For instance, washing your merino wool clothing like socks in water that’s too hot or leaving it to soak for too long makes them susceptible to shrinkage.

The reason for this is that the excess moisture causes the wool fibers to swell and become more susceptible to damage and compression, which can lead to shrinking.

Another example is when people wear their merino wool clothing while exercising or sweating heavily.

The moisture from sweat can cause the wool fibers to swell and compress leading to shrinkage and distortion.

3. Agitation

Agitation, or the act of rubbing, twisting, or stretching wool fibers, can cause them to become compressed and lock together, leading to shrinkage.

When merino wool clothing is agitated during washing, drying, or ironing, the fibers can interlock and become compressed, resulting in a tighter and shorter fabric.

For example, if you accidentally throw your Merino wool sweater into the washing machine with your regular laundry and add a high spin cycle, it is likely to shrink.

The vigorous spinning and rubbing action of the washing machine can cause the wool fibers to rub against the other clothes leading to compression and interlocking of the fibers.

Also, shrinking can occur when you hand wash your Merino wool clothing and use a rough scrubbing motion to clean the fabric.

The agitation caused by the rough scrubbing can cause the wool fibers to become tangled and interlocked leading to shrinkage, deformation, or distortion.

This is why it is recommended to use gentle washing methods and avoids subjecting Merino wool clothing to mechanical stress or agitation.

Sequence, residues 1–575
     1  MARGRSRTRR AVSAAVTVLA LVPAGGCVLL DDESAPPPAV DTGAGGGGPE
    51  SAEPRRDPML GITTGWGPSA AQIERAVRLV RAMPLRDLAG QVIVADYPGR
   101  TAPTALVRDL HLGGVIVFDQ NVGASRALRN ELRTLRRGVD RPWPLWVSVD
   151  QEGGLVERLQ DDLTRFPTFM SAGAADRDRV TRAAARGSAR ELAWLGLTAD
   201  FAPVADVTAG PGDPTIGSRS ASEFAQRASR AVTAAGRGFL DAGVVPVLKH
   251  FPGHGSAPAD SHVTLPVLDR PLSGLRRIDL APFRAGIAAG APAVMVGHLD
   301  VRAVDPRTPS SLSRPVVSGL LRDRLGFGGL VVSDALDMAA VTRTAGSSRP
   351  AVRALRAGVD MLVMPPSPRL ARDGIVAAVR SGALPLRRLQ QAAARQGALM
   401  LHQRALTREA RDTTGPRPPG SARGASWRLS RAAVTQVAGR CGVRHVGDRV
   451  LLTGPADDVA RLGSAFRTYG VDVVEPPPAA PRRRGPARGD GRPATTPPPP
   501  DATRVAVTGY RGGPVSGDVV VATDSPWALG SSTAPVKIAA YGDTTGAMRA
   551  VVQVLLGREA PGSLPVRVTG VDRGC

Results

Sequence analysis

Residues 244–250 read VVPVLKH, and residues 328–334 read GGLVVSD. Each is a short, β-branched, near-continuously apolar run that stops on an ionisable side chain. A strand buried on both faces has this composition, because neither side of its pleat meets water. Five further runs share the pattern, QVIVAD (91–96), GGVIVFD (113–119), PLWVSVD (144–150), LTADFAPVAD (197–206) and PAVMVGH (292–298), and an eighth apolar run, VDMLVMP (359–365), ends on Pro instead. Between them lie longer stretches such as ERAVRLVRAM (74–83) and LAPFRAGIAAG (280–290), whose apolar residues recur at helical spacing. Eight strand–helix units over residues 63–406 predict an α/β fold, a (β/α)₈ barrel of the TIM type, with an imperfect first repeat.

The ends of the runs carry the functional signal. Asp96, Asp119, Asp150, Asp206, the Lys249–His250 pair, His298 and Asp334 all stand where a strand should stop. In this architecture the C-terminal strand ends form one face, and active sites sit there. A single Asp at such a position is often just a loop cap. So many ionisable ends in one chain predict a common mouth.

4. Alkaline detergents

Alkaline detergents can cause merino wool clothing to shrink by damaging the fibers and causing them to lose their natural elasticity.

Wool fibers are sensitive to pH levels and exposure to high-pH detergents can break down the fibers and cause them to become weaker and more susceptible to damage.

Most people are not aware that wool wash detergents should have a mild or neutral PH and should not contain whiteners, bleach, or stain removers.

A few years ago, I was part of ‘most people’ (please don’t judge me). So, I washed my Merino wool scarf with a regular laundry detergent that contained bleach and other harsh chemicals.

After the wash, the scarf had shrunk and become misshapen and the wool fibers felt stiff and scratchy.

I later learned (I’m always learning from experience) that the alkaline detergent had caused damage to the wool fibers leading to shrinkage and loss of elasticity.

Washing wool clothing with detergents containing harsh chemicals also damages the wool fibers and makes them susceptible to shrinkage.

How to prevent merino wool from shrinking

From my experience, merino wool clothing can shrink easily if not properly cared for.

So, here are some things you should do to prevent shrinkage.

  • Always read the care label

Before washing your new merino wool sweater, socks, hat, or scarf, check the care label to see if there are any specific instructions.

can merino wool be washed in the washing machine?

Some merino wool items may require hand washing or delicate machine washing while others may need to be dry cleaned.

  • Use cold water

When washing merino wool, I always make sure to use cold water. As we’ve seen, hot water can cause the fibers to shrink and lose their shape.

If machine washing, run a delicate cycle with cold water and use a laundry bag or pillowcase to protect the garment from snagging or stretching in the machine.

Additionally, avoid using the dryer and instead air-dry your wool clothing.

  • Use a gentle detergent

Acidic and alkaline detergents damage the wool fibers and cause shrinkage.

So, it’s advisable to use a gentle detergent with a mild detergent that is specifically designed for wool and other delicate fabrics.

If hand washing, I’ve found that using a wool-specific detergent like Woolite works well. Gently agitate the garment in the water, but be sure not to scrub or twist it too vigorously as this can cause it to shrink.

Also, avoid using fabric softener or bleach as these can damage the wool fibers.

  • Don’t wring or twist

When washing and drying your merino wool, it’s important to handle the fabric gently.